To The Bright Edge of the World by Eowyn Ivey
417 pages
Published by Little, Brown and Company

Saturday, March 18, 2017

The Comet Seekers by Helen Sedgwick


The Comet Seekers by Helen Sedgwick caught my eye partially because the cover is intriguing and also because a review I read compared it to The Time Traveler's Wife (LOVE). I purchased this soon after it was released, taking a gamble on both of those things that I would love it. I wasn't wrong!

Again, a well written setting is one of the things that will keep me going in a story and this one did not disappoint, being that it revolved around various comets throughout time. I love books that travel generations, especially when there is something significant linking them together. In this case, the comets.

Roisin and Francois captivated me not through their own present day story, but the numerous instances in which they crossed paths prior to actually meeting in Antartica. It made me wonder if you would sense something like that, in another person, all those previous encounters before you "knew" them. If some fiber of your being would be able to connect those dots regardless of your knowing.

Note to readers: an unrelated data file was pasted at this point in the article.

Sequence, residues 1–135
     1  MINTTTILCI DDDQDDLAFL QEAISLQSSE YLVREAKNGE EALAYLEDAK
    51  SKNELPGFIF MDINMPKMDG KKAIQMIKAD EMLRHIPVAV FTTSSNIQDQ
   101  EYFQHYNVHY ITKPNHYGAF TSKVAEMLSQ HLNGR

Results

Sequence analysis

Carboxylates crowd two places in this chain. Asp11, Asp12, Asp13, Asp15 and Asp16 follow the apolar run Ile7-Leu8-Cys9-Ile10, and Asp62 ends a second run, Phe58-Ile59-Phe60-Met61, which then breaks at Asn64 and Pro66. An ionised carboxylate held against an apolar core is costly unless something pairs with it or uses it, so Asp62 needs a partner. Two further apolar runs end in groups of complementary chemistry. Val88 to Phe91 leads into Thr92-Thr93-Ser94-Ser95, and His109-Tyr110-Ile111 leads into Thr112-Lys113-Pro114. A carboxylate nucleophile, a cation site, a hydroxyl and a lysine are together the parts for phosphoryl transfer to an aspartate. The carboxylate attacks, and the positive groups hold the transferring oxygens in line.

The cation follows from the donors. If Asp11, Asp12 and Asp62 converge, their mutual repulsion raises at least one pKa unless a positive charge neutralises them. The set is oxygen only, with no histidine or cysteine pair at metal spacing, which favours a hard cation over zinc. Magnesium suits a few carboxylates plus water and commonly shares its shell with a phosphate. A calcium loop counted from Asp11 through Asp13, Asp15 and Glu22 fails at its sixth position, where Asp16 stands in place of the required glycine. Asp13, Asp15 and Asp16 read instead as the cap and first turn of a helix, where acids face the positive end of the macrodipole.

Pair that with ghosts of relatives past, all connected through the comets, oh gosh. I couldn't get enough of these stories! I loved traveling back in time and meeting each family member, watching their story unfold under another miraculous comet in the sky.

I think this book is highly underrated, I've hardly heard mention of it anywhere and am SO glad I came across it. Sedgwick's storytelling, crafting all of these events into a larger picture and connecting two people over time, was masterful. I cannot wait to read this one again, more slowly this time.

The Comet Seekers by Helen Sedgwick
302 pages
Published by Harper Collins

Friday, March 17, 2017

The Tea Planter's Wife by Dinah Jeffries